On December 14, 2000, the defendant filed a motion to bar prosecution in Illinois and to dismiss the indictment based on constitutional and statutory double jeopardy grounds. The trial court denied the motion, and the defendant filed an interlocutory appeal pursuant to Supreme Court Rule 604(f) (188 Ill. 2d R. 604(f)).

ANALYSIS

The defendant's sole contention is that his prosecution in Illinois for cannabis trafficking and possession of cannabis with the intent to deliver is barred because of his prior conviction of illegally conducting an enterprise in Arizona. In support of his argument, the defendant relies on section 13(b) of the Cannabis Control Act, which states, "A conviction or acquittal, under the laws of the United States or of any State relating to Cannabis for the same act is a bar to prosecution in this State." 720 ILCS 550/13(b) (West 2000). Resolution of this issue requires us to determine whether the defendant (1) was convicted, (2) of a cannabis-related offense, (3) for the same act prosecuted in Illinois.

We find that the defendant's guilty plea in Arizona is a conviction under Arizona law. See State v. Superior Court, 138 Ariz. 4, 6, 672 P.2d 956, 958 (1983) (explaining that "conviction" means the time when the person has been found guilty or has pled guilty even though there has been no sentence or judgment entered by the court). We further find that the defendant's conviction relates to cannabis because the defendant pled guilty to illegally conducting an enterprise based on his acts of possessing and trafficking marijuana. Consequently, the only issue remaining is whether the defendant's conviction in Arizona involved the same act as the charges for which the defendant was indicted in Illinois.

The decision in this case hinges on the interpretation of section 13(b) of the Cannabis Control Act. Since statutory construction is a question of law, this court will conduct a de novo review. People v. Hall, 195 Ill. 2d 1, 21, 743 N.E.2d 126, 138 (2000).

In order for section 13(b) of the Cannabis Control Act to serve as a bar to the defendant's prosecution in Illinois, the defendant's Arizona conviction must have been for the "same act" as the charges brought against the defendant in Illinois. 720 ILCS 550/13(b) (West 2000). The State contends that the Arizona conviction and Illinois crimes are not for the same act because different elements must be proven for those crimes. The defendant does not dispute that the crimes involve different elements but argues that the conviction in Arizona and the charges in Illinois are based on the same act of possessing and trafficking marijuana in Illinois.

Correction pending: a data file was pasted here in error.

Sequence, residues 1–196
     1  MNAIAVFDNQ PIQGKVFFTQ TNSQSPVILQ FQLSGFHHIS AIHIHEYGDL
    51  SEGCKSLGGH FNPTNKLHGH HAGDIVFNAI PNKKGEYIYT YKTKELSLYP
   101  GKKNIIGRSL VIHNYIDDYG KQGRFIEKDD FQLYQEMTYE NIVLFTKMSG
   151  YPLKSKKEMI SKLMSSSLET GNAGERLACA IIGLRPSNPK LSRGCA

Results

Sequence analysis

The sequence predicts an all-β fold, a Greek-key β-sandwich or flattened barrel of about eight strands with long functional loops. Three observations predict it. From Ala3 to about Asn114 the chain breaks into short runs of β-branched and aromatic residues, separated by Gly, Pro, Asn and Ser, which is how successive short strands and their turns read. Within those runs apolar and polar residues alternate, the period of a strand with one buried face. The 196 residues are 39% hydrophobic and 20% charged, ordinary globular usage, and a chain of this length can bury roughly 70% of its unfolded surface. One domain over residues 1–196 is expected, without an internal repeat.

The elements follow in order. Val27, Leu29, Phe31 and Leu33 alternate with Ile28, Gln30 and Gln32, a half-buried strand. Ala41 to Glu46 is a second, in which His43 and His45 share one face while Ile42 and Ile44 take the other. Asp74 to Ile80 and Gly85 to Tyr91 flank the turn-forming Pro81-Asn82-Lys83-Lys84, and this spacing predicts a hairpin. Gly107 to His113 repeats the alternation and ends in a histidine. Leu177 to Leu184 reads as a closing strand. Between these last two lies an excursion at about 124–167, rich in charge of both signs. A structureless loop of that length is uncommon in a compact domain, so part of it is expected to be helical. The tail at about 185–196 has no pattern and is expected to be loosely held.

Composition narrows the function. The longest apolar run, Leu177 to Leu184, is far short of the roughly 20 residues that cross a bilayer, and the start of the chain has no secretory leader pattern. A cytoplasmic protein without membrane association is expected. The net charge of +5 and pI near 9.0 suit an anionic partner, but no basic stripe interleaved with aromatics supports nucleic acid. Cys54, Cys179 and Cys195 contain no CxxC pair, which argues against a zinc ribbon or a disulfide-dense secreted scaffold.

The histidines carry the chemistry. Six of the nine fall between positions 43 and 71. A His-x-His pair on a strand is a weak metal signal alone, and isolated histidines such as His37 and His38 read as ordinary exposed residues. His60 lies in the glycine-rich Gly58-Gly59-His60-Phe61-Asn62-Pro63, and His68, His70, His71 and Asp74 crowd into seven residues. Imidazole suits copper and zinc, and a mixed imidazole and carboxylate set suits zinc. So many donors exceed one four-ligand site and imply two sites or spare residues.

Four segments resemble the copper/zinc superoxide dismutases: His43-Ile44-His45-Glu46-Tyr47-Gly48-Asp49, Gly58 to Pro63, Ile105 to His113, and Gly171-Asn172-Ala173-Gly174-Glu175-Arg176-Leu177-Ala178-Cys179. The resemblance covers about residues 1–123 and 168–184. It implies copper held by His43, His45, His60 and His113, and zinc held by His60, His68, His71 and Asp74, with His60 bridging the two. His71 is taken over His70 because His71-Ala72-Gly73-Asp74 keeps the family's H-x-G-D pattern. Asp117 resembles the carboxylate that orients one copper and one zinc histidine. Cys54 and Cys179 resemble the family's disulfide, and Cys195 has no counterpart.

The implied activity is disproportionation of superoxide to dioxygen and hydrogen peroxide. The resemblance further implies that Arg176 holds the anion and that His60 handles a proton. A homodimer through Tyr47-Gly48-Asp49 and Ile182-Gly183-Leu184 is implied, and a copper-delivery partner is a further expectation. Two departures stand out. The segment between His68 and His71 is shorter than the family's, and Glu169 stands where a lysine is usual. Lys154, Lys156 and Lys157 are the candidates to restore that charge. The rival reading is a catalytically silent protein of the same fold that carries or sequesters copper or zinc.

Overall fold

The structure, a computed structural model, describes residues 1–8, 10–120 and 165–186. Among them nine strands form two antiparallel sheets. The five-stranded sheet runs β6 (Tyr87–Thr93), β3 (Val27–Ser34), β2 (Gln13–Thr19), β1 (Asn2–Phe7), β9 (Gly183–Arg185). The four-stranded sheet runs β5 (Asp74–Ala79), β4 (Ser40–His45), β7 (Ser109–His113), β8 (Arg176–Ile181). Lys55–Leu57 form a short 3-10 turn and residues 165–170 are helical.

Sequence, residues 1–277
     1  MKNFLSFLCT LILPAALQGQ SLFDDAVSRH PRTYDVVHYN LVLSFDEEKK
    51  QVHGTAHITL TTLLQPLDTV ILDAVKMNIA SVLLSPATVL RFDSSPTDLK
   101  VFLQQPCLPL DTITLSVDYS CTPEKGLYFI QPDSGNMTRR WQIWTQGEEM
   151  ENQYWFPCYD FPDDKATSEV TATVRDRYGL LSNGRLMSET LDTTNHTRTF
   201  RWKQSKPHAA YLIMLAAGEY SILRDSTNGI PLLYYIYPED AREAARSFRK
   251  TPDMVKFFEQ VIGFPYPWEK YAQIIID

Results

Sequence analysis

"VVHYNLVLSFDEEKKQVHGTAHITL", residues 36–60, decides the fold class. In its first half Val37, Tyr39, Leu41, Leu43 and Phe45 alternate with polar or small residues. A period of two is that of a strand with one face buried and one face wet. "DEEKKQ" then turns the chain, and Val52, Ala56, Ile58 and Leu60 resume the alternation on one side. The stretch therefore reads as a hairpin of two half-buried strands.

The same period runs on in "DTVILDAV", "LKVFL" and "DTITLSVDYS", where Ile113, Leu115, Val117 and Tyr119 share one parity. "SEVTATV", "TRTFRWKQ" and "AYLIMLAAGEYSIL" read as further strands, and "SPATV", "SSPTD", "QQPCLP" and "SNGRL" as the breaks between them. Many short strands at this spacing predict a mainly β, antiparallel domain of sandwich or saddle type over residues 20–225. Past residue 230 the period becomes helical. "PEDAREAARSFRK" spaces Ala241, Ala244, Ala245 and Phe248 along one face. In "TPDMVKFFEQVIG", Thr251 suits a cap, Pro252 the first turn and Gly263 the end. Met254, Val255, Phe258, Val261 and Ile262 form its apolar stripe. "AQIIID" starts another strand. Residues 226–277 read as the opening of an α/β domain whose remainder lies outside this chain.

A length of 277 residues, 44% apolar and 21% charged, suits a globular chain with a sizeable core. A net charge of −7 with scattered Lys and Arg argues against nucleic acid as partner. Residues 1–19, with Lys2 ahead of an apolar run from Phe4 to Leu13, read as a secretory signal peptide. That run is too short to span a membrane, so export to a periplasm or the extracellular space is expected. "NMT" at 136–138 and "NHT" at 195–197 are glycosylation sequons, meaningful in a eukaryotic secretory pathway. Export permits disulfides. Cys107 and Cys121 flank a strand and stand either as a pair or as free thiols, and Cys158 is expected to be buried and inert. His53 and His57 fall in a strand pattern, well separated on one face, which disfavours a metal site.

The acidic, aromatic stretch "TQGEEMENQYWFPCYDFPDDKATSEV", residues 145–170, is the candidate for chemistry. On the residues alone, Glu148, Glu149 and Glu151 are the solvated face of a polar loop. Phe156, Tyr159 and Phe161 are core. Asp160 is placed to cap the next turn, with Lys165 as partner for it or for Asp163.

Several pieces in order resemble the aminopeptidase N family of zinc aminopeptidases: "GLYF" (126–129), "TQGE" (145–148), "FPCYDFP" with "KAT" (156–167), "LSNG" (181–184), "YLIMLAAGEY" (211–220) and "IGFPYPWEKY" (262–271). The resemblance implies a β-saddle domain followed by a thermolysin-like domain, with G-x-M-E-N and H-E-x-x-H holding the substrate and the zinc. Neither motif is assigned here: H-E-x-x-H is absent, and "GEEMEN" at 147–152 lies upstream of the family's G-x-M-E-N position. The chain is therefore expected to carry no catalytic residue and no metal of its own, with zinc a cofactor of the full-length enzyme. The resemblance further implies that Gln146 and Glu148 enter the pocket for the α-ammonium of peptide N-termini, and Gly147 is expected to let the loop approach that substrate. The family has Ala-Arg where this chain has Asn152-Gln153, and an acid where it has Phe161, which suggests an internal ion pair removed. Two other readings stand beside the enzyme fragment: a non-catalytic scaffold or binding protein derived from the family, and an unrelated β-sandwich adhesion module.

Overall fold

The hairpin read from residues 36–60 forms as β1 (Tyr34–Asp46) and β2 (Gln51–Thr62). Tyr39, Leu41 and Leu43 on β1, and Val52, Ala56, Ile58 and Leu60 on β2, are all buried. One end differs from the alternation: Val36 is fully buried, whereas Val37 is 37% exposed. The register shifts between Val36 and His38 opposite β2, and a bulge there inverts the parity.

The cardinal rule of statutory construction is to ascertain and give effect to the intent of the legislature. People v. Woods, 193 Ill. 2d 483, 487, 739 N.E.2d 493, 495 (2000). The best evidence of legislative intent is the language used in the statute itself, which must be given its plain and ordinary meaning. Woods, 193 Ill. 2d at 487, 739 N.E.2d at 495. A dictionary may be used as a resource to determine the ordinary and commonly accepted meaning of words. Melliere v. Luhr Brothers, Inc., 302 Ill. App. 3d 794, 797, 706 N.E.2d 40, 42 (1999). Black's Law Dictionary defines "same" as "[i]dentical, equal, equivalent" and defines "act" as "a performance" or "a deed." Black's Law Dictionary 25, 1340 (6th ed. 1990). Based on these definitions, if the defendant's conviction in Arizona is for the identical deed with which the defendant was charged in Illinois, the Illinois charges cannot stand.

The intent of the legislature in enacting section 13(b) of the Cannabis Control Act can be further ascertained by examining this court's interpretation of a parallel provision in the Controlled Substances Act (720 ILCS 570/100 et seq. (West 2000)). See People ex. rel Power v. One 1979 Chevrolet Camaro, 96 Ill. App. 3d 109, 420 N.E.2d 770 (1981). Section 409 of the Controlled Substances Act provides in part, "a conviction or acquittal, under the laws of the United States or of any State relating to controlled substances, for the same act is a bar to prosecution in this State." 720 ILCS 570/409 (West 2000). In discussing section 409 of the Controlled Substances Act, this court explained that the objective of that provision was to prevent multiple criminal drug prosecutions against an accused in Illinois based upon the "same criminal conduct for which the accused had already been convicted or acquitted in either a Federal or other sister State court." One 1979 Chevrolet Camaro, 96 Ill. App. 3d at 112, 420 N.E.2d at 772. Because the language of section 13(b) of the Cannabis Control Act is nearly identical to that of section 409 of the Controlled Substances Act, the court's reasoning in One 1979 Chevrolet Camaro is applicable here. As section 409 of the Controlled Substances Act seeks to prevent multiple drug prosecutions against an accused based on the same criminal conduct, section 13(b) of the Cannabis Control Act seeks to prevent multiple prosecutions of a defendant for cannabis based on the defendant's same criminal conduct.